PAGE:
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No Flowers on Cucumber Plants — Here’s Why and How to Fix It

No Flowers on Cucumber Plants — Here’s Why and How to Fix It

A cucumber plant with no fruit is just a foliage plant. To grow cukes, you need your plant to be flowering. 

The first blooms are always male and there will always be more of them. Cucumber plants and every plant in the cucurbit family produce up to 10x more male flowers than they do females. 

The female flowers require a lot of energy so the plant needs to develop a ton of huge green leaves. 

You need the male flowers for pollen and the females for fruit. 

Of course, when you have a cucumber plant with no flowers at all, you will never get it to grow fruit.

Cucumbers will fail to bloom when they lack energy. The leaves need to be green for photosynthesis, and the soil must be rich in nutrients. Adding blood meal to the soil boosts nitrogen and phosphorous. It needs high temperatures for male flowers and cooler temperatures for female flowers. 

 

Understanding the flowering process on cucumber plants 

The fruits of cucumber plants grow from female flowers. Male flowers produce pollen, female flowers grow fruit. 

The female flowers will only produce fruit when it is pollinated by either cross-pollinators like bees and butterflies, or by doing it manually using an artist’s paintbrush or something similar. 

The pollen will not spread by the wind. If your garden lacks pollinators, you will likely need to pollinate the flowers by hand. 

Female flowers open in the morning, just after sunrise, and stay open for around 5 hours. If they are not pollinated within 2 to 3 days, they close up then drop off. 

All plants in the cucurbit family produce more male flowers than females. The males emerge first as those do not need as much energy. As the female flowers are the fruit bearers, they need lots more energy.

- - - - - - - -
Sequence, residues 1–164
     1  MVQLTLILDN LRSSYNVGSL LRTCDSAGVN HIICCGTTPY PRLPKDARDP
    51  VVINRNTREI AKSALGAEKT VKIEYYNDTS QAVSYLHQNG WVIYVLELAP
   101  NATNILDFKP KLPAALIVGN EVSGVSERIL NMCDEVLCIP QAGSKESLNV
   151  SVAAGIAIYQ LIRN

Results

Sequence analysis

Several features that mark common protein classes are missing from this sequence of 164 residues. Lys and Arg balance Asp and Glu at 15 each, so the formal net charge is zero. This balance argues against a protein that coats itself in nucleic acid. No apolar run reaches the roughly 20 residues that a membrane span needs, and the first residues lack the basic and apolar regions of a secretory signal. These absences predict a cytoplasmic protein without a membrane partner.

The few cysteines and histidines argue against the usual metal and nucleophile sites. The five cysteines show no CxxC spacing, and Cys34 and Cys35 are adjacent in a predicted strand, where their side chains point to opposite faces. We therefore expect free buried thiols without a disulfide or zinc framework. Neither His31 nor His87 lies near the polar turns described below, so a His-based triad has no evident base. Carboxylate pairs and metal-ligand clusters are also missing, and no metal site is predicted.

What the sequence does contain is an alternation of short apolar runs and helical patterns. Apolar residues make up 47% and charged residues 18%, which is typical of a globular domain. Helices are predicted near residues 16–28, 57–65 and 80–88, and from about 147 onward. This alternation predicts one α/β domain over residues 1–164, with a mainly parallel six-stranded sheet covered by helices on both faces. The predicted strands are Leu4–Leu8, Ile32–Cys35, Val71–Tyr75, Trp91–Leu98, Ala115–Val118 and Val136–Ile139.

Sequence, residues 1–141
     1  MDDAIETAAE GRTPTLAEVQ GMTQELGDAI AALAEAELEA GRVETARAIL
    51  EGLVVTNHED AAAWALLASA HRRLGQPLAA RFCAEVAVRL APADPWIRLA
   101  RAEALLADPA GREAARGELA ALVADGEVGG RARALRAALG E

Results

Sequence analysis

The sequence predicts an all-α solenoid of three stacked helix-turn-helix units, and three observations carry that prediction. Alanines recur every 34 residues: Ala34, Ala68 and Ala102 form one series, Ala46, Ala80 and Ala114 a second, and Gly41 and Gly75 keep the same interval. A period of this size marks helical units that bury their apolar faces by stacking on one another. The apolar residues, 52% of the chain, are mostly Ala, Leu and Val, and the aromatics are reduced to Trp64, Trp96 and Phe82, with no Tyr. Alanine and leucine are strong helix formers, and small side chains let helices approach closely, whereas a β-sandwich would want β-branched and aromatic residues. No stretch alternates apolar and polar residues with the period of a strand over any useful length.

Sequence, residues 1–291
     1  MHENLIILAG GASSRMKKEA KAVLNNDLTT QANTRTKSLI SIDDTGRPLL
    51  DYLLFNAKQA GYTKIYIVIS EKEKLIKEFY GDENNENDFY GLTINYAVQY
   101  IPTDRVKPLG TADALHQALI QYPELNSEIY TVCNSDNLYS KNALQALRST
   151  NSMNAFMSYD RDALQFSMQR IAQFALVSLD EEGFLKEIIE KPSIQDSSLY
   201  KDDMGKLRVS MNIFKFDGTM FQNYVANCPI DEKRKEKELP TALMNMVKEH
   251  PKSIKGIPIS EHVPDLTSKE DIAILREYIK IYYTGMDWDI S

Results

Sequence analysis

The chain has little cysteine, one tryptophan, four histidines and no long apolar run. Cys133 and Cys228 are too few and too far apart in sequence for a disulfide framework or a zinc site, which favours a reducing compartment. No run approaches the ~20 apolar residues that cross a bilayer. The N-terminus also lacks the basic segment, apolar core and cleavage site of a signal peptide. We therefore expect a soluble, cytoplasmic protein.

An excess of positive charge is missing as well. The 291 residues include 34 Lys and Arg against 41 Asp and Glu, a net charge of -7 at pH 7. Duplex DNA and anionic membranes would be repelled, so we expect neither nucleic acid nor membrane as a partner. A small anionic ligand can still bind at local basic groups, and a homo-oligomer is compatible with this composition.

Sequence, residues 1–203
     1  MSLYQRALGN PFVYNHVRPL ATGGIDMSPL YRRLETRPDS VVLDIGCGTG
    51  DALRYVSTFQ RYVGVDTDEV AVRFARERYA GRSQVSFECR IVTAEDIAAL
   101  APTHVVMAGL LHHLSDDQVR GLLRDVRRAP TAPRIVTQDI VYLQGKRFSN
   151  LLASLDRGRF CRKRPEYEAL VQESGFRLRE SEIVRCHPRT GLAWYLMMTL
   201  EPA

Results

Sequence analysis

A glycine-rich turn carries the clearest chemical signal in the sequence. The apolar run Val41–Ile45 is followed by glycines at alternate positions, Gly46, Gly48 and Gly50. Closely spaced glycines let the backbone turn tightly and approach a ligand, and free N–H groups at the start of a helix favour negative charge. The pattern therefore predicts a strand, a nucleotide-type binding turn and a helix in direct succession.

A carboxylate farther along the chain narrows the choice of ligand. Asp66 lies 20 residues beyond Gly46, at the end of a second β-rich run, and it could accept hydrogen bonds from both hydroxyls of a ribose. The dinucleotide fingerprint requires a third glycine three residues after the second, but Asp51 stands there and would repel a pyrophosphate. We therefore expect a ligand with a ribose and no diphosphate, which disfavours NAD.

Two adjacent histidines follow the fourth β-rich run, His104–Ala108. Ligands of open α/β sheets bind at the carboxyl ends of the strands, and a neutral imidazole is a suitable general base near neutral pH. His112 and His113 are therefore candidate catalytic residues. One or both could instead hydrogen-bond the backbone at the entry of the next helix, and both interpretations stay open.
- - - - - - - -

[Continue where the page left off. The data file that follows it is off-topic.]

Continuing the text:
Green leaves on the plant are how it gets enough energy to produce flowers.  

 

The temperatures cucumbers need for flowering 

High temperatures promote male flower production. Cooler temperatures promote female flowering. 

When temperatures are 86-Fahrenheit and warmer, male flowers grow. Cooler than 60-Fahrenheit is when female flowers emerge. 

 

How to tell the difference between male and female flowers

Male flowers have stamens, female flowers have a stigma. Males always grow on cucurbits first.

The easiest way to tell the difference is to look at the part of the plant that the flower is attached to. Female flowers grow on fruit. Male flowers grow on stems. 

The flowers need to stay on female flowers for the pollen to help fruit growth. The male flowers produce the pollen that the female flowers need for growth. It’s how plants reproduce, or in the case of cucumbers, grow delicious fruits. 

If you find your cucumbers have very few female flowers, picking off some male flowers can encourage female flowers to grow, provided the temperatures are cooler. 

When there is a lack of beneficial insects (ants, bees, beetles, moths, and butterflies) cross-pollination will need to be done by hand. 

 

Nutrient requirements for cucumbers to flower

For the plant to have the energy it needs to produce flowers, the soil needs the right acidity. A pH of around 6.5, and rich in nitrogen and phosphorous is what is needed for flowering. 

The more nitrogen there is, the greener the leaves will be. 

You need the majority of the leaves to be green for the plant to photosynthesize. It is how it makes food for energy. 

 

When cucumbers lack energy, they will not bloom

Anything stressing the cucumber plant results in fewer blooms and that restricts its fruit growth. 

Two things contribute to boosting blooms. Nitrogen and phosphorous. 

Phosphorous is the driver for flowering and that is what drives fruit production. 

Nitrogen promotes the green in the leaves that helps the plant produce energy internally through photosynthesis. 

One of the richest sources of both nutrients is blood meal.